Senate passes economic recovery plan

February 10, 2009 1:19:24 PM PST
President Barack Obama hailed the Senate's passage of a massive economic rescue plan on Tuesday but warned that there's more work to do as lawmakers begin difficult talks on a final deal. "That's good news," the president said repeatedly in announcing the Senate's action to a Florida crowd, as people jumped to their feet and cheered in joy.

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Still, Obama soberly cautioned: "We've got a little more work to do."

The Senate, with support from just three Republicans, passed an $838 billion stimulus bill, and now House and Senate negotiators will have to work out the final details.

The vote came right in the middle of Obama's town-hall event in Fort Myers, a Florida community reeling from home foreclosures and job losses.

Revving up the home crowd even more, Obama joked that senators advanced their plan because they knew he was coming to Florida. He said: "They didn't want folks in Fort Myers to be mad."

Back in Washington, on a day loaded with economic news, the Treasury Department announced a sweeping plan to rescue the nation's banking sector.

Obama was lobbying Congress hard from Florida, declaring that Americans are out of patience with Washington gridlock as lawmakers dicker over legislative details.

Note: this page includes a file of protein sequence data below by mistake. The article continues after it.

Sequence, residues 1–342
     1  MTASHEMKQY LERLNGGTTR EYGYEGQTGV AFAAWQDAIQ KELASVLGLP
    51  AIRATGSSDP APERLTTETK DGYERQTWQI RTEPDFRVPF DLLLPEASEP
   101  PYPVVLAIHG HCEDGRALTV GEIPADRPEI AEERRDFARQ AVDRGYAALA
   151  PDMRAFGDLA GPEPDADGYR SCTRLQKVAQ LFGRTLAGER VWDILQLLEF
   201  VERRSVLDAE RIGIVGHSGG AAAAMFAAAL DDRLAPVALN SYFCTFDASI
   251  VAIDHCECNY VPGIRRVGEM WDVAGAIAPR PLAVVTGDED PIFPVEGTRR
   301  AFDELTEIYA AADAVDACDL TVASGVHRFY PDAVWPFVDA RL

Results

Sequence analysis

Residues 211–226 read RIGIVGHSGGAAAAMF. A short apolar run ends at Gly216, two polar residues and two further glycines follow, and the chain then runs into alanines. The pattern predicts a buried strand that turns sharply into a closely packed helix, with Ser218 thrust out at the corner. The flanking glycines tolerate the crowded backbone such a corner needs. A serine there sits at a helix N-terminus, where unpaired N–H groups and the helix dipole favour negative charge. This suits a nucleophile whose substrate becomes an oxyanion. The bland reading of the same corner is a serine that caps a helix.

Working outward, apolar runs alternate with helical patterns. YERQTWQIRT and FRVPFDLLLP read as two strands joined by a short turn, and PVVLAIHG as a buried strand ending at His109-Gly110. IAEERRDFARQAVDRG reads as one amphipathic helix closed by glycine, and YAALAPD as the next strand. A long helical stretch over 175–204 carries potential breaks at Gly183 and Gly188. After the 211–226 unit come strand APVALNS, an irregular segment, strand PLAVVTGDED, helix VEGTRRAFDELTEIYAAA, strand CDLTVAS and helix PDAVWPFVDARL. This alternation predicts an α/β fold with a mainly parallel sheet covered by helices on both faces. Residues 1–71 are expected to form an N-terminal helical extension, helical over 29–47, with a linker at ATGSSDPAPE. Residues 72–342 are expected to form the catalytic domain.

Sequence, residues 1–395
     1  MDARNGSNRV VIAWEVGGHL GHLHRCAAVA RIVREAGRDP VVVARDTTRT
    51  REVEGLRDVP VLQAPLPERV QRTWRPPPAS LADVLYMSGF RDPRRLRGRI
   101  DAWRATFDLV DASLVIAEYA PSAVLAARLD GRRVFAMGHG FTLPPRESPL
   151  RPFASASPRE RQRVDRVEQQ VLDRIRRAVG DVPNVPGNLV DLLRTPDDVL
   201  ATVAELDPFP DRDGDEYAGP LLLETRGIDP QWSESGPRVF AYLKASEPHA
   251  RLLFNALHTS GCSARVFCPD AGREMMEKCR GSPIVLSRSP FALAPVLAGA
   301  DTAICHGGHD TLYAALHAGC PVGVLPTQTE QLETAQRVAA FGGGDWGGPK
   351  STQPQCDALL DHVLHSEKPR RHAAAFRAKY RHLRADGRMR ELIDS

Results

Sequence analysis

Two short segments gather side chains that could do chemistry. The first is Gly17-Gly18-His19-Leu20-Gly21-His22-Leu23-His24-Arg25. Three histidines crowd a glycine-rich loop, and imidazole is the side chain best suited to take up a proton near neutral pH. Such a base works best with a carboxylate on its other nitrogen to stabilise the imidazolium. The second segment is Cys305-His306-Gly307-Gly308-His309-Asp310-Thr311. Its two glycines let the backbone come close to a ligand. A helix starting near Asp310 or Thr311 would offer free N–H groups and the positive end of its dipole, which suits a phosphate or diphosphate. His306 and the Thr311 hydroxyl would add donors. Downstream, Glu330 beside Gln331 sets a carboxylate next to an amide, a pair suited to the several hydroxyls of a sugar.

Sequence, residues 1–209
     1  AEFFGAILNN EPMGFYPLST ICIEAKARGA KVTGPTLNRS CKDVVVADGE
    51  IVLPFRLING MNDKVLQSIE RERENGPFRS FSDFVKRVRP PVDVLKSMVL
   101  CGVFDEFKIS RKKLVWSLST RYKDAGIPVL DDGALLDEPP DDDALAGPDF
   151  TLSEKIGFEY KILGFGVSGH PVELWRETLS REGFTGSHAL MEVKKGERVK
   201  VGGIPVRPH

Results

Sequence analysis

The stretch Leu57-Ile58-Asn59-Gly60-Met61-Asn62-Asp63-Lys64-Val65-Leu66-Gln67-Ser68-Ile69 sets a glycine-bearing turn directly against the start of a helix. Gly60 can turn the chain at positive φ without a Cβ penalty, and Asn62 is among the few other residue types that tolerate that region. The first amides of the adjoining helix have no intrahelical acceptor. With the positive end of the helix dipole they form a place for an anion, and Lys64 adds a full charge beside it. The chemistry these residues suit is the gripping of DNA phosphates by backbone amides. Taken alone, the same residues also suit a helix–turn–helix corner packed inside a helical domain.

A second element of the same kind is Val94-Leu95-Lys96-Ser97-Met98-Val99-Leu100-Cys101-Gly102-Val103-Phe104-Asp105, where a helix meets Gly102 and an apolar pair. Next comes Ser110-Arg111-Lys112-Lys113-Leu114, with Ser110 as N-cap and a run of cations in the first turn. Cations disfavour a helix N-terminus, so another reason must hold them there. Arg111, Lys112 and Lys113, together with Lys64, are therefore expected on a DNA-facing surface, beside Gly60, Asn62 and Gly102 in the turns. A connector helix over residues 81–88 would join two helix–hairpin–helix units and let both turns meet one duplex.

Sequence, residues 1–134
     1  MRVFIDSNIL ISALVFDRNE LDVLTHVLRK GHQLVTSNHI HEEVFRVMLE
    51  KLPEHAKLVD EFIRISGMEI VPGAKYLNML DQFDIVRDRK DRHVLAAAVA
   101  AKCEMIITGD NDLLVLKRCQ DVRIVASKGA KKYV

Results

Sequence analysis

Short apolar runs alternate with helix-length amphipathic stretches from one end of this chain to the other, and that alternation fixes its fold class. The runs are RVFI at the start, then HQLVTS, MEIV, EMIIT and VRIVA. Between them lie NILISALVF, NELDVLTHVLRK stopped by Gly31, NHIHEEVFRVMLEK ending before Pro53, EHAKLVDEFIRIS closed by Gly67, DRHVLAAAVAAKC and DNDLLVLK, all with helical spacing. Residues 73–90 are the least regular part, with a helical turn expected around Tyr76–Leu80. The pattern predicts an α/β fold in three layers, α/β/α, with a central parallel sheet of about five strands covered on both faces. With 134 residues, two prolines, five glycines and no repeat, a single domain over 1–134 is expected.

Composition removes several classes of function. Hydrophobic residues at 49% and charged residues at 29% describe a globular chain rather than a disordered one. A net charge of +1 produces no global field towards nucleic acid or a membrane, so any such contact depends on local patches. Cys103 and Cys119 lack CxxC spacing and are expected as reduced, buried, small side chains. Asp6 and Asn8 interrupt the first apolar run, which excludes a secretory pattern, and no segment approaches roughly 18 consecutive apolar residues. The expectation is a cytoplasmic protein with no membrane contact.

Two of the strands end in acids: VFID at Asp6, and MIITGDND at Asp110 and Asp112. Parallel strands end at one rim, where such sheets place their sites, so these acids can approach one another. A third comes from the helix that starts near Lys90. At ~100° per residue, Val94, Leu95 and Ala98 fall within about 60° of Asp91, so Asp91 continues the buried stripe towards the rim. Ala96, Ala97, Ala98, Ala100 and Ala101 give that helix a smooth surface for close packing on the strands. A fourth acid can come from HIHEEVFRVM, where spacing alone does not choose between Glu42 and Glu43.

Actually, one senator, Pennsylvania's Arlen Specter, a Republican, accused colleagues of moving too fast on the bill.

Said Obama: "We've had a good debate. That's part of what democracy is all about. But the time for talking is over. Folks here in Fort Myers and across America need help, they need action, and they need it now."

He also announced that he will unveil an "overall housing strategy" in the weeks ahead, but he's already looking at ways to help homeowners avoid foreclosure. Obama told the audience that there needs to be a system in which banks recognize that it's in their best interest not to foreclose on homes.

Obama called for Democrats and Republicans to work together as he appeared at a town hall forum, his second in as many days.

"This is not about partisan politics," Republican Gov. Charlie Crist said in introducing the Democratic president. "This is about rising above that."

Trying to strike the same tone, Obama thanked Crist, saying: "When the town is burning, you don't check party labels. Everybody needs to grab a hose."

Still, buoyed by his own popularity and the nation's desire for help, Obama clearly used the stage to put pressure on Republican lawmakers.

Obama's overt message is that the pain being felt in American homes demands Washington's quick and bold attention. But his more subtle message, delivered through his choice of hard-hit but GOP-leaning locales and in the kind of sarcastic barbs he lobbed at Republicans in his prime-time news conference, was a nakedly political one: Republicans may well pay in voting booths for ignoring the president's call to pass the stimulus.

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